"How To Stop The Rebound Effect!"
The statistics tell a scary story. Some estimates are that more than 80% of those who have lost weight have regained all of that lost weight within 2 years. Some have regained even more than what they lost.
We know that this extra weight is a health risk and this means emotionally and physically. Emotionally it is frustrating because you may feel like you have failed or you let yourself down.
Physically recent studies have correlated this lose weight-gain weight cycle-lose again cycle also called yo-yo weight loss to high blood pressure, diabetes, heart disease and depression.
This yo-yo weight loss also called weight cycling is defined as a weight loss of more than 10 pounds and then you rebound and gain 10 or more pounds. You then repeat this cycle over and over again.
Those that tend to fall into this weight cycling conundrum are those who follow very strict or calorie restrictive diets. Many need to see quick results so they go to the extreme and follow the most restrictive methods possible day and and day out without a break.
This is to satisfy our instant gratification complex we tend to have. There are studies that support this and when you stop that severe restriction and start adding calories then the weight comes right back on.
We already know that weight loss can be challenging and there are many factors that contribute to you successfully losing weight or not losing any weight.
Your body doesn't like to shed that extra fat. It is a safety mechanism. Your body views that extra fat as extra calories if it is to ever need it. It is part of the starvation mode. Your body will always try to store extra calories in case you were ever starving to death. Your body would then have a reserve to pull from.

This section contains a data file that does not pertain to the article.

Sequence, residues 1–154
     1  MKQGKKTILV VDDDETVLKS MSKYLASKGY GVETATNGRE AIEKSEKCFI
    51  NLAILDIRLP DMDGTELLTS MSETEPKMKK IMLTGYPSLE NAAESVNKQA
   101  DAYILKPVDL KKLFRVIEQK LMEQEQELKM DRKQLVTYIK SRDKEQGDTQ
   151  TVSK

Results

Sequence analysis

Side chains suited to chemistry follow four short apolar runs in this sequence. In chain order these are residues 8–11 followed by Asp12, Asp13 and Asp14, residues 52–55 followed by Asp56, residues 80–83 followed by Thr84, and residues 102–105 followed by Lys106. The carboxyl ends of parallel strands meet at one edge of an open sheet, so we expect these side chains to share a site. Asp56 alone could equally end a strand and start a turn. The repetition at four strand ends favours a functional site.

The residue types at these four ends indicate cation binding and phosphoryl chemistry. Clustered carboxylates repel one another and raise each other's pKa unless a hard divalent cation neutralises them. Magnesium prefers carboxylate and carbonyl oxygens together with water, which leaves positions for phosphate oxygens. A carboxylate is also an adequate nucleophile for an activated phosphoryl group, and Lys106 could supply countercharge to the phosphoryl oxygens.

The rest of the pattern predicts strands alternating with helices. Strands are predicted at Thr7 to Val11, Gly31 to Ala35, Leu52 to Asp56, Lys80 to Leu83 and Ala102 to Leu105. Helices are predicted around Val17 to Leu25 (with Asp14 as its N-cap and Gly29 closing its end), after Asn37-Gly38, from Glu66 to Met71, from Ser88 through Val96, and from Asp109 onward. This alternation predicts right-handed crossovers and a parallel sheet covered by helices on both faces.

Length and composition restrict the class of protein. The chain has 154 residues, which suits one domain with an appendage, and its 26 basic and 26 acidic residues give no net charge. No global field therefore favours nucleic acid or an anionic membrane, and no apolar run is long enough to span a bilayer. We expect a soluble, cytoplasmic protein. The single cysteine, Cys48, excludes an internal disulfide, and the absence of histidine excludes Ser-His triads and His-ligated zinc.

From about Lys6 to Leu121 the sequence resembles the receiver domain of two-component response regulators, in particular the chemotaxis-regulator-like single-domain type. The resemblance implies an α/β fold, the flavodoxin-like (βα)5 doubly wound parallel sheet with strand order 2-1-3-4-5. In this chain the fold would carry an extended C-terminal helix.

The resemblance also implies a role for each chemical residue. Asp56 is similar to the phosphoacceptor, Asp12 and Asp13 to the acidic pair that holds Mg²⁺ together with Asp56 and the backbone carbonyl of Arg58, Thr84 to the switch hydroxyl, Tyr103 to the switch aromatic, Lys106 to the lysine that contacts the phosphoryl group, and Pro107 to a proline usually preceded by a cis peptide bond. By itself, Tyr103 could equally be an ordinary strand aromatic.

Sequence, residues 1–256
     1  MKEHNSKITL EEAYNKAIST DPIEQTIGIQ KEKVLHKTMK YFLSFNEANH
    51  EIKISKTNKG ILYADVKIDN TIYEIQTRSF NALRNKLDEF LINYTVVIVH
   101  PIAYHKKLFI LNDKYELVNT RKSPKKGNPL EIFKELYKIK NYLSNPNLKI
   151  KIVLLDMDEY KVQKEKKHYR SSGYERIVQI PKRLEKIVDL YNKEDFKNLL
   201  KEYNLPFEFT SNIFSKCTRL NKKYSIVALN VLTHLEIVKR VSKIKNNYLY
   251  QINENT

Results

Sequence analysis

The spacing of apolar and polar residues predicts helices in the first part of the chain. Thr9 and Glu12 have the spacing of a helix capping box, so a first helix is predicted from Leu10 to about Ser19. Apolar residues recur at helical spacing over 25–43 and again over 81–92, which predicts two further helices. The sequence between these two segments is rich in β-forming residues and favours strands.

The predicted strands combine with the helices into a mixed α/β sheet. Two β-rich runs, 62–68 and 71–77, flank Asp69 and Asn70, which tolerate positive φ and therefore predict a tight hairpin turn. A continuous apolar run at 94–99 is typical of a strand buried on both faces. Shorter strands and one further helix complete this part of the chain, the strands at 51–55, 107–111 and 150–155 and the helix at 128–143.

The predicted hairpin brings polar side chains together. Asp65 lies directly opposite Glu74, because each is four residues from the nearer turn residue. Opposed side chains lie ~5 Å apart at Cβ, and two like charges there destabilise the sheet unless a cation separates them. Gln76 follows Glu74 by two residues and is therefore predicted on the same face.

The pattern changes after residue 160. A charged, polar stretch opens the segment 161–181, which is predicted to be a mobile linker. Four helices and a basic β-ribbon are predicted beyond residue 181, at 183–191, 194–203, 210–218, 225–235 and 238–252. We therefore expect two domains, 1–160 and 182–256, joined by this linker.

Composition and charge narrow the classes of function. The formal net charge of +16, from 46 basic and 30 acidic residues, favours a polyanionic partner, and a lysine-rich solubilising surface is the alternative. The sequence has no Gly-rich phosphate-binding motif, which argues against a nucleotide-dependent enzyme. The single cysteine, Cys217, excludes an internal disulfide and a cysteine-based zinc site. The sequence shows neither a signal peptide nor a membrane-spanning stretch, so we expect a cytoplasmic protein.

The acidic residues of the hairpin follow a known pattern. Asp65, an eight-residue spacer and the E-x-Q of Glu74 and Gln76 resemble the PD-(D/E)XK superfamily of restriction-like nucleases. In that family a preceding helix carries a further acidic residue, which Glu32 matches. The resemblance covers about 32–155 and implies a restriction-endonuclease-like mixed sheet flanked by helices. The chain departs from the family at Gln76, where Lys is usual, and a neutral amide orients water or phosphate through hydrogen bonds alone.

Gary Foster, Ph. D., and director of the Center of Obesity Research and Education at Temple University explains that one reason it is so difficult to keep weight off is because of something called "metabolic overcompensation".
He explains it like this.
"If you decrease your body mass by 10 percent, you would expect you metabolic rate to decrease by 10 percent, but it actually slows down more than that, by about 11 to 15 percent."
This goes back to the starvation mode effect and your body fearing that you are starving yourself to death. It doesn't know if you are just wanting to losing weight or if you are starving. So it goes into protection mode.
Weight cycling may also change your physiology and affect your hormones by increasing the hormone gherlin, which is a hunger hormone. It also may decrease the hormone leptin which tells you that you are full. When this hormone is low you feel hungry more often and then essentially eat more as a result.
You tend to also lose muscle when you are on the losing weight part of the cycle, which then slows down your metabolism even more. The result is even more fat on the rebound. This also makes it harder to lose weight later because your metabolism is now running slower and burning less calories.
So What Do You Do?
The first thing you do is focus on lifestyle and permanent changes. Look at your current food intake and see where you can make obvious improvements. Focus on those improvements and cut out the obvious "wrongs" in your eating habits.
The second thing you should do is incorporate a strength training interval program that allows you to build muscle as well as speed up your metabolism through the burning of calories.
These two things should be your focus as you establish your core foundation. Once you have mastered these then you can hone in with more specialty techniques.
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